Small Victories

When you don’t know the students and they don’t you know, neither of you has annoyed the other yet. You haven’t been battling for days or weeks or months trying to get that student to turn in homework or sit still or stop trying to stick pencils in the ceiling. When you’re at square one, sometimes things work that would never work on square seventeen.

The day I was subbing in third grade, we’d conquered Field Day, devoured snack time, and improvised our way through the last half hour when the video didn’t work. (I introduced the students to the Green Door brain teaser. If you don’t know this one, email me. It’s a great time killer.) It was time to clean up the room and, based on the state it was in, I didn’t have high hopes. But the kids surprised me. Within a few minutes, the room looked amazing. All the desks were cleared off with the chairs stacked neatly on top. All but one.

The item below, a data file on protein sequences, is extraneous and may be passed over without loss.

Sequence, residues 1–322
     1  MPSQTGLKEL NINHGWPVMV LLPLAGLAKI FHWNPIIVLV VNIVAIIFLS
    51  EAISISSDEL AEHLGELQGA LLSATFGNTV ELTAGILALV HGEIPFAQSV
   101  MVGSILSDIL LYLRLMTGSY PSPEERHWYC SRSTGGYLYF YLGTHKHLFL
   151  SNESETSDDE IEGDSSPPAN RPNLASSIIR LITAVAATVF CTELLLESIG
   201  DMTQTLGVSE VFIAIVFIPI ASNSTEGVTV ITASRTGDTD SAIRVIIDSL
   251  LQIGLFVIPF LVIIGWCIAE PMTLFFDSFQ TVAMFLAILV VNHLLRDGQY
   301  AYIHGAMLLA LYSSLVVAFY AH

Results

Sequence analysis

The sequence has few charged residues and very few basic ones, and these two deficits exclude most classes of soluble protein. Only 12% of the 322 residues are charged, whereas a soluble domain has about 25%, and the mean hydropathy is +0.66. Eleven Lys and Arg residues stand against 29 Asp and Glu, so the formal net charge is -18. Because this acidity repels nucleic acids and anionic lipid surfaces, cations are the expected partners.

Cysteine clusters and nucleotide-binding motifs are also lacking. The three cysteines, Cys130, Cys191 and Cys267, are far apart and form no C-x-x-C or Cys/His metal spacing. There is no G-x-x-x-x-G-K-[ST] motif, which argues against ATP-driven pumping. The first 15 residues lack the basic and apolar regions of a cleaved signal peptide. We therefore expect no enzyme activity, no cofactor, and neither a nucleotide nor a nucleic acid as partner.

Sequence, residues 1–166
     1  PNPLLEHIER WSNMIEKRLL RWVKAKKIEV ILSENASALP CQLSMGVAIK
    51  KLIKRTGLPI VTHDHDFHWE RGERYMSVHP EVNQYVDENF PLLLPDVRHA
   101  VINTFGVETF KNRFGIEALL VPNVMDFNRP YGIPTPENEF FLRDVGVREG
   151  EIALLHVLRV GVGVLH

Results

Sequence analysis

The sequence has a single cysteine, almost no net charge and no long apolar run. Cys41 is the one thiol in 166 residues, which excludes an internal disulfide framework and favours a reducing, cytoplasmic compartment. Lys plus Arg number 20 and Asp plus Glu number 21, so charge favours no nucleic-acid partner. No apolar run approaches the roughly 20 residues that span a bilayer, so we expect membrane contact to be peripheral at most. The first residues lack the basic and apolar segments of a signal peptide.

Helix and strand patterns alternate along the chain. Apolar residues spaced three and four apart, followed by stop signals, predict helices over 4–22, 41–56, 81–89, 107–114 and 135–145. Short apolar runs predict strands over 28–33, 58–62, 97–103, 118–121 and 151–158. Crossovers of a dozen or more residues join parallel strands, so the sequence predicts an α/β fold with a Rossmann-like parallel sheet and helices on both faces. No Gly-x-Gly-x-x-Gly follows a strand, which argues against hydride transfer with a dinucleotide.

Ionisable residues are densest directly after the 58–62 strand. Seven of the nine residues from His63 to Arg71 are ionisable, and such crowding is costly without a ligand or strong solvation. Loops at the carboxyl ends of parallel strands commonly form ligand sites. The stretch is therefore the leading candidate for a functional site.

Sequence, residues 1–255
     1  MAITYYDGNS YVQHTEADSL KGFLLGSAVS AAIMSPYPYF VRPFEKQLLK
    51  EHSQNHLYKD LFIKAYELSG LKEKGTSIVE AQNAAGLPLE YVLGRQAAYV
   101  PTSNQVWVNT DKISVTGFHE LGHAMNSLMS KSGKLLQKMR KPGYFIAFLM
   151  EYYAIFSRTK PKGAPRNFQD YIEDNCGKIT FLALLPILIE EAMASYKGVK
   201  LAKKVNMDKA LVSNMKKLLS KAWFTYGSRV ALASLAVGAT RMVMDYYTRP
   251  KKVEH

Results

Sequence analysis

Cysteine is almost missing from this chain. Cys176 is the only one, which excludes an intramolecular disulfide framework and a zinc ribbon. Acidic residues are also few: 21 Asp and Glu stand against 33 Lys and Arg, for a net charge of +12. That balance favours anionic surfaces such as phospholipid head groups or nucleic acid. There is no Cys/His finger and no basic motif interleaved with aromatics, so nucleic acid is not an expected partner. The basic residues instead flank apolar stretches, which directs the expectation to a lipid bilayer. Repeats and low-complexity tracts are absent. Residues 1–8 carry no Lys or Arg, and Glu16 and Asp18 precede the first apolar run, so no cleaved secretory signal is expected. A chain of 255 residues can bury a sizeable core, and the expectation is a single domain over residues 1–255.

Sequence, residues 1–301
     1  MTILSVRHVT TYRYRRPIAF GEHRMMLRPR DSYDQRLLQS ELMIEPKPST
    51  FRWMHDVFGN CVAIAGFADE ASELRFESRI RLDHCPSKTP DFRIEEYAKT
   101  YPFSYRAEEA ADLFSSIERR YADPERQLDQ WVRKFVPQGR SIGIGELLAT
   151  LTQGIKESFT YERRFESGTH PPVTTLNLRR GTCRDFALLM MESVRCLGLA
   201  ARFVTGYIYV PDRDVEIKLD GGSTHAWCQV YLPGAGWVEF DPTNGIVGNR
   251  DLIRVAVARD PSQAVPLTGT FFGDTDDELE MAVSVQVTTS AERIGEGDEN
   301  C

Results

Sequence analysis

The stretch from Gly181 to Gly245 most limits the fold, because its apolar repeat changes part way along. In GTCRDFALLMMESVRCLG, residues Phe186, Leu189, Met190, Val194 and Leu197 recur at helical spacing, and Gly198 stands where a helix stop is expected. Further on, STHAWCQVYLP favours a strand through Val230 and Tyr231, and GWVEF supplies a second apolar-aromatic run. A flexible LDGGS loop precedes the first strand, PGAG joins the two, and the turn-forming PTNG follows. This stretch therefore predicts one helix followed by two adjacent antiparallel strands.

When it was time to leave, one little boy’s desk was still an absolute mess. When I commented on it, the other kids said, “He NEVER cleans up his desk!” The boy shrugged, like, Yep. It’s true. I prodded a bit more, saying how easy it would be to put things away, but there was no movement in that direction. So I tried for a compromise. I asked him to at least stack the chair on top. The other-kid-chorus sang again, “He NEVER stacks his chair on the desk!” I looked at him. “Really?” I said. “NEVER?” He shrugged again. I decided I was going to get my compromise. I said, “Well, there’s a first time for everything. Think how shocked and excited your teacher will be on Monday when she comes back and sees your chair on top of the desk.” The boy seemed confused and a little scared, and he had trouble wrestling the chair into place, but he did it. He stacked the chair on top of the mess on top of his desk. And then we dismissed.